The health plan administrative database was used to extract demographic data and MAARI events. All International Classification of Diseases, Ninth Revision, Clinical Modification (ICD-9-CM) diagnosis codes for acute upper and lower respiratory tract illnesses, otitis media, and sinusitis (codes 381-383, 460-487, 490x-496x, 510x-513x, 515x-516x, 518x, and 786.1) were searched. Each visit had 1 or 2 ICD-9-CM diagnosis codes. Clinic and emergency department visits were included. Multiple entries on the data set (due to charges for procedures) were counted as 1 visit per day. Visits with an asthma diagnosis associated with a respiratory infection were included. Hospitalizations were not analyzed because of small numbers.
Enrollment continued during the first wave of the 2000-2001 influenza epidemic, primarily caused by an influenza A/New Caledonia/20/99(H1N1) strain. Replication of the vaccine virus has been shown to interfere with that of wild influenza virus and result in a reduced illness.13,14 Thus, unlike TIV, CAIV-T may be effective on the day of vaccination, so we included all CAIV-T recipients in 2000 for the analyses.
The demographics and age-specific incidence rates of MAARI were compared in each of the 3 CAIV-T groups (year 3–cumulative, year 2–cumulative, and year 1–only) with the CAIV-T nonrecipients from the intervention communities (direct effectiveness) and the comparison communities (total effectiveness). We compared demographic characteristics using the χ2 test. Incidence rates of MAARI and ratios were calculated using standard methods. To control for the difference in the distributions among the age categories between populations being compared, stratified incidence rates and ratios were calculated using Mantel-Haenszel estimates. The Mantel-Haenszel test of homogeneity was used to examine the effect of the exposure across each age category. The point estimates of incidence rates and ratios and their 95% confidence intervals (CIs) were used to determine statistical differences between populations. Vaccine effectiveness was calculated as 1 minus the relative risk for MAARI, expressed as a percentage (lower bound of 95% CI >1 indicates statistically significant effectiveness).11,12 Recurrent and related MAARI during a short interval of time in the same individual were rare; thus, multiple MAARI events for the same individual were assumed to be independent. The year 2–only and year 3–only groups were similarly analyzed. We used 2001 Stata statistical software (release 7.0; Stata Corp, College Station, Tex).
During the 3 years of the study, a total of 14 699 CAIV-T doses (year 1, n = 4298; year 2, n = 5251; and year 3, n = 5150) were administered to 9765 children. Each year approximately 50% of enrollees were health plan members. Of the 9765 CAIV-T recipients, 3794 were health plan members on January 7, 2001, and were divided into the 3 mutually exclusive groups described above (year 3–cumulative, n = 2281; year 2–cumulative, n = 931; and year 1–only, n = 582 [Table 1]). Age-specific MAARI rates for CAIV-T recipients were compared with those for 9325 age-eligible health plan nonrecipients from the intervention communities and those for 16 264 nonrecipients from the comparison communities.
Demographic data for the study participants are tabulated in Table 2. The CAIV-T recipients tended to be younger, and this was controlled for in the analyses. No clinically important differences were seen in frequency of asthma or TIV. The racial distribution for CAIV-T recipients in the year 3–cumulative and year 2–cumulative groups showed the following: non-Hispanic white, 79.4% and 77.2%, respectively; Hispanic, 12.6% and 11.9%, respectively; African American, 3.8% and 5.3%, respectively; and others, 4.1% and 5.2%, respectively. African Americans were underrepresented in the study population compared with the general population in these communities (3.8% vs 10%-20%).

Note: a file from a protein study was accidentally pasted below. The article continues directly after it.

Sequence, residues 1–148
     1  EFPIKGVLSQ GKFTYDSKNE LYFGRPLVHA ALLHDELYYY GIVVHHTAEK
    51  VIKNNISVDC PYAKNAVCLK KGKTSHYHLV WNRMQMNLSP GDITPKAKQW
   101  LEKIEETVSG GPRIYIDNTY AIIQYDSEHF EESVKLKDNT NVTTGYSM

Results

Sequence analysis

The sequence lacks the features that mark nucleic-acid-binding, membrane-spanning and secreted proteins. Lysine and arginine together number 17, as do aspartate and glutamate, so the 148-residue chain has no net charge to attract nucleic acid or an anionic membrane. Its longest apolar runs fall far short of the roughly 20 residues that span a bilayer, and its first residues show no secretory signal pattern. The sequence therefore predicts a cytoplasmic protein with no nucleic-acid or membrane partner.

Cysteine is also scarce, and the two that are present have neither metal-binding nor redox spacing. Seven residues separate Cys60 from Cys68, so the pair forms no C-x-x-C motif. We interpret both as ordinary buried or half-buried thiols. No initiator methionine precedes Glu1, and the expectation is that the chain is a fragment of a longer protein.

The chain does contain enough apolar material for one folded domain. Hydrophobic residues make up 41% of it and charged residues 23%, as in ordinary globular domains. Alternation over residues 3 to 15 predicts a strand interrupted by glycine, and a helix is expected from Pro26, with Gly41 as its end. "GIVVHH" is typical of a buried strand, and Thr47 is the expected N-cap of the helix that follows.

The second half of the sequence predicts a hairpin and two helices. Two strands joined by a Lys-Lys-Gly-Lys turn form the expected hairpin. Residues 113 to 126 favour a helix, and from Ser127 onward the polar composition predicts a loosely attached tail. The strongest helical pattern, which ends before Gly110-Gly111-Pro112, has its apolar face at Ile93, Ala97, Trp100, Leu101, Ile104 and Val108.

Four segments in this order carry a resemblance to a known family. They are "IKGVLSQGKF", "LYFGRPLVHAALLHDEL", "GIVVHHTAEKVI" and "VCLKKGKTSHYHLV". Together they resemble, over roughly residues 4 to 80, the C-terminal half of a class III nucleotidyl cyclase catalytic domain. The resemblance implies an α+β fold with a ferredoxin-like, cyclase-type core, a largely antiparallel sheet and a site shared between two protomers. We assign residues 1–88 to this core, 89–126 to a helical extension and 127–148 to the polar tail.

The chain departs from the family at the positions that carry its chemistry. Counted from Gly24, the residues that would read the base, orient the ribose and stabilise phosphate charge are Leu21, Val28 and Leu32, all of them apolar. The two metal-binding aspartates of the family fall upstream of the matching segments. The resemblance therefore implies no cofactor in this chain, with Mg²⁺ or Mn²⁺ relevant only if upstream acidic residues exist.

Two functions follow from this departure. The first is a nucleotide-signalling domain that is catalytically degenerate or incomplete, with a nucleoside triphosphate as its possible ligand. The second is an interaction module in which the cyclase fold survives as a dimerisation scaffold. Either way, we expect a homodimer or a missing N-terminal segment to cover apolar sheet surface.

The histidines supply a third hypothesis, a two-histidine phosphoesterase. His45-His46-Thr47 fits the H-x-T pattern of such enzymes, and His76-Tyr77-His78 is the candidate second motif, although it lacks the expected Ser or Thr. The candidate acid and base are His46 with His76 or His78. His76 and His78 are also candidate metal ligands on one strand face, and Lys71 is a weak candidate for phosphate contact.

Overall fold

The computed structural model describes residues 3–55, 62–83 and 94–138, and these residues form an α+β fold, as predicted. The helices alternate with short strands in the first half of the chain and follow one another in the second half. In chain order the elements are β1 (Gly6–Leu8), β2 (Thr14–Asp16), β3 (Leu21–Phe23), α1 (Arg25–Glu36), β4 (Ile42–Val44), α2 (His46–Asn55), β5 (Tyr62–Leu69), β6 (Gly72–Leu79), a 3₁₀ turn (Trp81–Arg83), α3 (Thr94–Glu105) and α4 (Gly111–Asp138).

Influenza A(H1N1) and B were prevalent in these communities, as seen nationwide in the 2000-2001 influenza season. The Centers for Disease Control and Prevention characterized 23 isolates as influenza A/New Caledonia/20/99(H1N1) (8 from intervention and 15 from comparison communities), 8 isolates as influenza B/Sichuan/379/99–like (6 from intervention and 2 from comparison communities), and 2 as influenza B/Beijing/184/93–like (from comparison communities). Influenza viruses were isolated from 5 (9.6%) of 52 CAIV-T recipients for the year 3–cumulative group (P<.001, χ2 test) and from 4 (15.4%) of 26 for year 2–cumulative group (P<.025) compared with 133 (40.7%) of 327 age-eligible CAIV-T nonrecipients from the intervention communities.
We charted the relative risk for MAARI by week for CAIV-T recipients in 2000 (year 3–cumulative group) temporally related to the influenza A and B virus surveillance in the intervention communities (Figure 1). During the biphasic epidemic caused by influenza A(H1N1) and B, the relative risk for MAARI dropped as low as 0.7 and 0.6, respectively. We observed statistically significant direct effectiveness against MAARI in CAIV-T recipients of each age group for the entire influenza A(H1N1) and B epidemic, encompassing the period from December 3, 2000, through February 24, 2001 (week 49 of 2000 through week 8 of 2001) (Table 3). During the first 6-week predominance period of influenza A(H1N1), a significant decrease in the risk for MAARI was seen for all children and for those aged 1.5 to 4 and 5 to 9 years (Table 3). Thus, for the year 3–cumulative group, a direct effectiveness of 20% (95% CI, 14%-25%) was measured during the influenza A and B epidemic and of 17% (95% CI, 9%-27%) during influenza A(H1N1) predominance. During the 6-week postinfluenza period (weeks 12-17 of 2001), we observed a significantly higher incidence of MAARI in children in the year 3–cumulative group compared with CAIV-T nonrecipients in the intervention communities (P<.01), suggesting higher utilization of health care for respiratory illnesses other than influenza in CAIV-T recipients of 2000.